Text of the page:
Web Roundups

Web Roundup: Ebola 3: Epidemic, Endemic, Continuation as Aftermath?

This article is part of the series:

Now that the crisis has waned, will we continue to discuss Ebola as a persistent threat? Or will we let ourselves forget, right up until the next terrifying epidemic?

The process of rebuilding lives and social systems after Ebola is in progress (see NPR’s multimedia presentation “Life After Death“). The possibility that Ebola will become endemic – …

Books

Guillaume Lachenal’s Le médicament qui devait sauver l’Afrique

This article is part of the series:

Lachenal - Cover

Le médicament qui devait sauver l’Afrique

by Guillaume Lachenal

La Découverte, 2014, 250 pages.

 

Guillaume Lachenal’s Le médicament qui devait sauver l’Afrique – the English-language title provided by the publishing house is The hidden history of the medicine meant to save Africa – is devoted to a pharmaceutical scandal in colonial Africa that remains absent from the official history. …

Books

Erin Koch’s Free Market Tuberculosis

Koch - CoverFree Market Tuberculosis: Managing Epidemics in Post-Soviet Georgia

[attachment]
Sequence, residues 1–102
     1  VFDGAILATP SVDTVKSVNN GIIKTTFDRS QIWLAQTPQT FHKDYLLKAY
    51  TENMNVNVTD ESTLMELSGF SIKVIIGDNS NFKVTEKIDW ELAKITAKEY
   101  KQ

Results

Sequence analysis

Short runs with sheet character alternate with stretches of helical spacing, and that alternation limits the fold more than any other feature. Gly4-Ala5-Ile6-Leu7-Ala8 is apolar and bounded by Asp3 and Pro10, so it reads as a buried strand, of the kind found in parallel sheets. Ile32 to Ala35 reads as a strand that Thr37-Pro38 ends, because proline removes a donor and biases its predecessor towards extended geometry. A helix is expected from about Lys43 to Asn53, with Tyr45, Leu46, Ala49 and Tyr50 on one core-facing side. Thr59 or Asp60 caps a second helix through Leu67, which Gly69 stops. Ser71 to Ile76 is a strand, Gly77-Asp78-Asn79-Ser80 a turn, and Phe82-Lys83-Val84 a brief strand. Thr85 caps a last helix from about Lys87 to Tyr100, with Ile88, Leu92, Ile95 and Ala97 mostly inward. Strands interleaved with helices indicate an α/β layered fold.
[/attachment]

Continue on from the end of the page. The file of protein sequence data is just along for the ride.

by Erin Koch

2013, Vanderbilt University Press, 240 pages

 

Erin Koch’s Free Market Tuberculosis: Managing Epidemics in Post-Soviet Georgia (2013) provides an engaging and conceptually stimulating portrayal of the transition, in the late 20th and early 21st century, from Georgia’s Soviet style of tuberculosis (TB) care to globalized and neoliberalized …

Books

Ian Harper’s Development and Public Health in the Himalaya

Harper - Cover

Ian Harper, Professor of Anthropology, Health, and Development at the University of Edinburgh, talks to Alice Street about his book Development and Public Health in the Himalaya: Reflections on Healing in Contemporary Nepal.

 

AS: Ian, maybe you can tell us a little bit about your history as a medical practitioner, and how you came to work in Nepal.

IH: …

Features

Rethinking Infrastructures for Global Health: A View from West Africa and Papua New Guinea

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Medicines“Without staff, stuff, space and systems, nothing can be done”. Paul Farmer’s reflections on his recent trip to Liberia in The London Review of Books reiterated in stark terms what health experts have been saying for months. There is by now a fairly clear consensus in the global health community that the uncontrolled spread of Ebola in West Africa …

Features

Caring as existential insecurity: quarantine, care, and human insecurity in the Ebola crisis

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In August of this year, when the Ebola outbreak escalated in Liberia and a state of emergency had been declared for the country, Fatu Kekula, a young Liberian nursing student, improvised personal protective equipment (PPE) to care for her father, mother, sister, and cousin. After three of the relatives survived, her method was featured prominently in the international news media …